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Across the Universe

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On his theories about the origin of the universe:

We now have good reasons to believe that most of the universe is in the state of explosive, accelerated expansion, called inflation. The expansion is so fast that in a tiny fraction of a second a region the size of an atom is blown to dimensions much greater than the entire currently observable universe. In our local neighborhood, inflation ended about 14 billion years ago, and the energy that drove the expansion went to ignite a hot fireball of particles and radiation. This is what we call the big bang. As the fireball continues to expand, it cools down, galaxies are gradually pulled together by gravity, and cosmic space lights up with stars.

While all this is happening in our local region, inflation still continues in remote parts of the universe, and other regions like ours are constantly being produced. This never ending process is called eternal inflation. The big bang in this scenario is no longer a one-time event in our past: multiple bangs went off before it in distant parts of the universe, and countless other bangs will erupt in the future.

"This picture of the universe tells us that there are an infinite number of civilizations which are identical to ours scattered in the universe. You have regions where Elvis is still alive and regions where dinosaurs still roam the earth."

This new worldview has a somewhat bizarre consequence. The process of eternal inflation creates an infinite number of regions like ours. Each of these regions has its own history, from the big bang till present, but it follows from quantum mechanics that the number of possible histories is finite. It is an unimaginably large number, 10 to the power 10 to the power 150, but the important point is that it is finite. Now, if you have a finite number of histories that are unfolding in an infinite number of regions, it follows that every history that can possibly happen will happen and it will happen an infinite number of times. So there are an infinite number of regions where we have exactly the same planet, like our Earth, with exactly the same people and we are having exactly the same conversation. This is not something that would affect your daily life, but it's something to ponder.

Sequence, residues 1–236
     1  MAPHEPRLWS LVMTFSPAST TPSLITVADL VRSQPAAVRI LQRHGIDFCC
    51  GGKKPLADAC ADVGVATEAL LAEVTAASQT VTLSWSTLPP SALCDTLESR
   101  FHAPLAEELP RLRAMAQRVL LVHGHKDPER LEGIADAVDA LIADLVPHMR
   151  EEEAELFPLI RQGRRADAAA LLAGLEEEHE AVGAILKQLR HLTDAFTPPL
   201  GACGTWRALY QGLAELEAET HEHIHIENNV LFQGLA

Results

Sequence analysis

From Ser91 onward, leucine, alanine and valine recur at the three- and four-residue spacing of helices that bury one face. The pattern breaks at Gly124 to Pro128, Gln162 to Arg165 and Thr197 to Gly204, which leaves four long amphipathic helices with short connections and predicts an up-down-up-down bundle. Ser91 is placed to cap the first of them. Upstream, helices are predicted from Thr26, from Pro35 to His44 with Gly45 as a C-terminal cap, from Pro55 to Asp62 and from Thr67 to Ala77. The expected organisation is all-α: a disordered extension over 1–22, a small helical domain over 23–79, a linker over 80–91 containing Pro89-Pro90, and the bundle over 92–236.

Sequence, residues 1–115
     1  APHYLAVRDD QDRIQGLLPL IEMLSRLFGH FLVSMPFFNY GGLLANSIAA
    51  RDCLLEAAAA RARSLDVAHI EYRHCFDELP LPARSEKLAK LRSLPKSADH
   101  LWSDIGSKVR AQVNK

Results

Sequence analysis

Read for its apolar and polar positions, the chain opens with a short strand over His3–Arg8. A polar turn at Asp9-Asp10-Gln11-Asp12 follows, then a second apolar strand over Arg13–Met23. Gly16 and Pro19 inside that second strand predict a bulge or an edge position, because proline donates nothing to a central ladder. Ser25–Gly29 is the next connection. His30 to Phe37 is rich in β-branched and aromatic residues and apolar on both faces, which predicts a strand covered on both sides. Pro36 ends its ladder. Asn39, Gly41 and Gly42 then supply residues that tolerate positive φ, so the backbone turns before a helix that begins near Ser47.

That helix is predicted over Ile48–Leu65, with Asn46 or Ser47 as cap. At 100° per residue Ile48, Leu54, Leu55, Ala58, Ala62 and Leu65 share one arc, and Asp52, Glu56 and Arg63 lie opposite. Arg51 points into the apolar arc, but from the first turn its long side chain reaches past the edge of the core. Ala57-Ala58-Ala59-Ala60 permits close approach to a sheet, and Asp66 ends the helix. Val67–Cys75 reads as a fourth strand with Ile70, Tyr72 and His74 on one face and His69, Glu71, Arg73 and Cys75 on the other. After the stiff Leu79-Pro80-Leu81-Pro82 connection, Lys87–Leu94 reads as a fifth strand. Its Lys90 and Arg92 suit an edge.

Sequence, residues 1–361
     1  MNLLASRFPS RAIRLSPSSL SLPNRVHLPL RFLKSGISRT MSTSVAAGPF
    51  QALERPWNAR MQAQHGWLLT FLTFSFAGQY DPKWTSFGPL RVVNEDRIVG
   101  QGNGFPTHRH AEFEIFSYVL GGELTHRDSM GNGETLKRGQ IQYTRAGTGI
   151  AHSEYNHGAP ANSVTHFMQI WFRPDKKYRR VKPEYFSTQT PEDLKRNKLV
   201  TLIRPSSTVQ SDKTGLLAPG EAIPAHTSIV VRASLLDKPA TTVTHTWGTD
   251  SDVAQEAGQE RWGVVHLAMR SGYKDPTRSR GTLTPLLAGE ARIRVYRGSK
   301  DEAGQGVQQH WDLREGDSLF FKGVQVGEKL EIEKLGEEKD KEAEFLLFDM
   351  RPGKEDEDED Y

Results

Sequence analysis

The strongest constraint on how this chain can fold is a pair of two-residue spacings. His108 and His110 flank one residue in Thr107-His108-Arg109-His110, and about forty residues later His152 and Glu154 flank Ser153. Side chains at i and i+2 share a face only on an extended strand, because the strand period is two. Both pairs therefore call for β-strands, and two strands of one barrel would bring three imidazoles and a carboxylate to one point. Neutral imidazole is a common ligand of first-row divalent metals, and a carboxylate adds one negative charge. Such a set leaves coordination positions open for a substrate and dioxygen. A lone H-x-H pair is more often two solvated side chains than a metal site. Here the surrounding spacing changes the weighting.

I, for one, was very depressed by this conclusion for a while, because I thought it robs us of our uniqueness. I thought, you can think of our civilization as being good or bad, but it is unique and for that reason alone you would treasure it as a work of art, right? But now this picture of the universe tells us that there are an infinite number of civilizations which are identical to ours scattered in the universe. There are also all possible variations. You have regions where Elvis is still alive and regions where dinosaurs still roam the earth.

Alexander Vilenkin

On why the study of the origin of the universe is important:

If you look at different ancient civilizations and ask what we remember them for, the philosophy and art and the useless things like pyramids are the things that strike us most. Satellites exploring the cosmos and huge particle accelerators are the pyramids of our age. I think this is what our civilization will be remembered for, our technology and scientific achievement.

On whether there is a final answer to questions concerning the origin of the universe:

I wish I could answer that. I don't know. It's possible that underlying the universe is just one equation. You just have to figure it out. But even then, from knowing the equation and being able to work out its consequences is a huge distance. There would still be a practically infinite number of phenomena that need to be studied. So I think there is no danger that physicists will be out of work any time soon.

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Interview by Georgiana Cohen, Office of Web Communications

Photo by Jodi Hilton for Tufts University

This story originally ran on Nov. 12, 2007.